As Matt Simmons points out in his book “Twilight in the Desert”, the purpose of “Plan B” is to buy time until “Plan C” where a new source of energy is developed or invented. “Plan B’ is essentially a series of bridges that buys us time in the period of transition to a new form of energy. It means doing everything that works. We know that wind and solar work as do coal and nuclear. But none of these sources of energy is a silver bullet. The problem regarding oil is there is no energy replacement on the horizon that can replace it. Creating new forms of energy is no easy task. We’ve only done it twice in the last 1,000 years. Coal replaced firewood and oil replaced coal. As the price of oil and natural gas inexorably rise all other forms of energy become more competitive. Finding a new source of energy to replace fossil fuels may be the most daunting task ever to face mankind but it needs to be done. Otherwise it will be forced upon us. Once the world arrives at peak oil, rationing and conservation will become the norm. This is why “Plan C” is critical. Getting to “Plan C” involves accelerating R&D efforts which should begin immediately and that means today.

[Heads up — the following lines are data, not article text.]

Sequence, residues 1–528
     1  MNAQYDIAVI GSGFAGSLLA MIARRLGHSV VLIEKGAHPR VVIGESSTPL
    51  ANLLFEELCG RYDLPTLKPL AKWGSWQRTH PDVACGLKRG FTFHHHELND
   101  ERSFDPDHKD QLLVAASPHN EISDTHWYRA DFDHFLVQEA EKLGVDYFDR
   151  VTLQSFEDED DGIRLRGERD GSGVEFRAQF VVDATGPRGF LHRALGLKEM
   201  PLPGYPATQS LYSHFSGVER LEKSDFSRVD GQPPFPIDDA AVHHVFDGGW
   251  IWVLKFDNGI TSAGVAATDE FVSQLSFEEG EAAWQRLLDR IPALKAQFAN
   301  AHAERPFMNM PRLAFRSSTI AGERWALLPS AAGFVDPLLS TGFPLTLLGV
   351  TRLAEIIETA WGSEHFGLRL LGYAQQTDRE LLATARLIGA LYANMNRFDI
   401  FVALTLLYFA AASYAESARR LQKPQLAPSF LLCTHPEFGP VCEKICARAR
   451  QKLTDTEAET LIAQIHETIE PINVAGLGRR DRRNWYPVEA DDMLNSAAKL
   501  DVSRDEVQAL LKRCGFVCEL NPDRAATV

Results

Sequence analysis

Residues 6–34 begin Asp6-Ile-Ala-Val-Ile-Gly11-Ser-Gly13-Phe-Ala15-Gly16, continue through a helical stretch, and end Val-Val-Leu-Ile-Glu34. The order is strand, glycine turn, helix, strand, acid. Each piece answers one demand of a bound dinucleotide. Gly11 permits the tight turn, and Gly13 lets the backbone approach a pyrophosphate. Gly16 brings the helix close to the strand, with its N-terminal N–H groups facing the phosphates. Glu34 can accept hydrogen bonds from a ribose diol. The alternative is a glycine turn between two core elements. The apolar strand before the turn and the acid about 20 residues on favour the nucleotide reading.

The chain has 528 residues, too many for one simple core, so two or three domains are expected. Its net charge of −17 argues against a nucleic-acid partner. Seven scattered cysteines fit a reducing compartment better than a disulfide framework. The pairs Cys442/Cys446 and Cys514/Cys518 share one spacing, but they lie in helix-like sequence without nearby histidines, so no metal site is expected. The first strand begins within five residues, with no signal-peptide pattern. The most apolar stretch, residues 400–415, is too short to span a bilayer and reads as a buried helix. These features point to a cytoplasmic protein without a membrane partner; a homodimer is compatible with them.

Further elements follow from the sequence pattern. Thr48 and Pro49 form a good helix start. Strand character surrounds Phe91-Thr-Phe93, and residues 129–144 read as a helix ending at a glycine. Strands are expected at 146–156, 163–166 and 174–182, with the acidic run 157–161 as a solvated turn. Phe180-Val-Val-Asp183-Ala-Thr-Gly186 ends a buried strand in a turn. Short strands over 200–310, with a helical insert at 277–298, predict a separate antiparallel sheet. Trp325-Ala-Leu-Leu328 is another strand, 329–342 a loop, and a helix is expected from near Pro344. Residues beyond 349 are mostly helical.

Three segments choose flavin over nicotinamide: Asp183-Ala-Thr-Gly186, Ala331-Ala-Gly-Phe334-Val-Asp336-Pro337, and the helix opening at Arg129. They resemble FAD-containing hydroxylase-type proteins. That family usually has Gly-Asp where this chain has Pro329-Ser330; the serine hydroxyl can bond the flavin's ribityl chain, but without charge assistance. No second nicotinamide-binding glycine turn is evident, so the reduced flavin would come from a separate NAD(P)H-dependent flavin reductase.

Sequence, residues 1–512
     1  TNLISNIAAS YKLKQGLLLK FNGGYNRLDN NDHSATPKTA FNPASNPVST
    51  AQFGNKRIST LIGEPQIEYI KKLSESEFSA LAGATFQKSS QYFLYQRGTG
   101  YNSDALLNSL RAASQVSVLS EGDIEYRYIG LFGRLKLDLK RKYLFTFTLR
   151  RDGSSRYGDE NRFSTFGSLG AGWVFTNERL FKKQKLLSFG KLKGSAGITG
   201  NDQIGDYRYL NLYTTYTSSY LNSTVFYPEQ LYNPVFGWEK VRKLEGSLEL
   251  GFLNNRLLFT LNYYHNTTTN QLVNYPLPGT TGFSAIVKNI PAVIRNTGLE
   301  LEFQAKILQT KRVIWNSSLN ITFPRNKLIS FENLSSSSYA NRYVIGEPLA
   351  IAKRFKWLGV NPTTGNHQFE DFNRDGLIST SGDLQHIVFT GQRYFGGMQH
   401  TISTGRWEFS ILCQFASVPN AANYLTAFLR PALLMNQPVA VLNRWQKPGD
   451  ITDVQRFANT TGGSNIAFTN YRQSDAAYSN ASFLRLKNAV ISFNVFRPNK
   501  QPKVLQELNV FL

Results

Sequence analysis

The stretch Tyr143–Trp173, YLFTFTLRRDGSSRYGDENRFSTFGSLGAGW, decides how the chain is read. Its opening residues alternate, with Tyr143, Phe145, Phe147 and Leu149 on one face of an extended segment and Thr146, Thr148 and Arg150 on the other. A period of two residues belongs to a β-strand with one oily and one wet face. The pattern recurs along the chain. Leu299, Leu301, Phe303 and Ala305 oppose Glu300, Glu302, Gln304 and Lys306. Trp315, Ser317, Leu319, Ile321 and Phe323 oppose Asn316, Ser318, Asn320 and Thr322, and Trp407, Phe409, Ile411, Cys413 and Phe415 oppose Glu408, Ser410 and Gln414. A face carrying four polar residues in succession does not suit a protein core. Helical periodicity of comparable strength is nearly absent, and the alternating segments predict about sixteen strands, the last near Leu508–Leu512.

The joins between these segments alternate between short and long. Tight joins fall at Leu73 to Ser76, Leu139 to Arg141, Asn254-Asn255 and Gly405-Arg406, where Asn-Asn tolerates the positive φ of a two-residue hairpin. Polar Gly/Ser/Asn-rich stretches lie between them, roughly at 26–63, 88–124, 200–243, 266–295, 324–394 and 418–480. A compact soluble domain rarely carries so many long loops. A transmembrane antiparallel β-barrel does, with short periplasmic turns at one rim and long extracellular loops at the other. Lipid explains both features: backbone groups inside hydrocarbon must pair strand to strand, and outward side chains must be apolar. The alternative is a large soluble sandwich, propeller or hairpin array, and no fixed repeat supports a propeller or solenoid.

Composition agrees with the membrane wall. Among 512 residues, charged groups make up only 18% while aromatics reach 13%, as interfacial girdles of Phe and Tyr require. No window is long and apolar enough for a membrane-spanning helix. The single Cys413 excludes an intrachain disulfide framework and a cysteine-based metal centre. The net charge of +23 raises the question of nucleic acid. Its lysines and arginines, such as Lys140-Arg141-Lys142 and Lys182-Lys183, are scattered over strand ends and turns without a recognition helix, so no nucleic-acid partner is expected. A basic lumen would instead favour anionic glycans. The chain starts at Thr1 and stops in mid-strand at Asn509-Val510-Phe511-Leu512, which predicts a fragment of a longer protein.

...

The ideas expressed in this update may startle and stun but they are real. The US now finds itself facing the first of many energy crises to come. We should have been working on “Plan B” years ago. While a few experts admit we have problems, Washington (especially Congress) and the mainstream media are caught up in denial and the blame game. In the words of General Honore, they are still “stuck on stupid.” Politicians love to point figures at everyone but themselves. In trying to assess blame they avoid dealing with the issues at hand. There are three basic reasons that we have crises:

1. Failure to anticipate a problem before it arises.
2. Failure to perceive the problem once it arrives.
3. The tendency by society’s elites to perceive the wrong problem, which distracts from the real problem at hand.

This failure and avoidance is why we find ourselves stuck in a crisis. Many of the issues ofnew sources of energy, declining refinery capacity, and bottlenecks in the electrical grid system have been evident for decades. It seems it takes a crisis to bring them to the forefront. Let’s hope we can get beyond “stupid”, it could mean the difference between peace and war.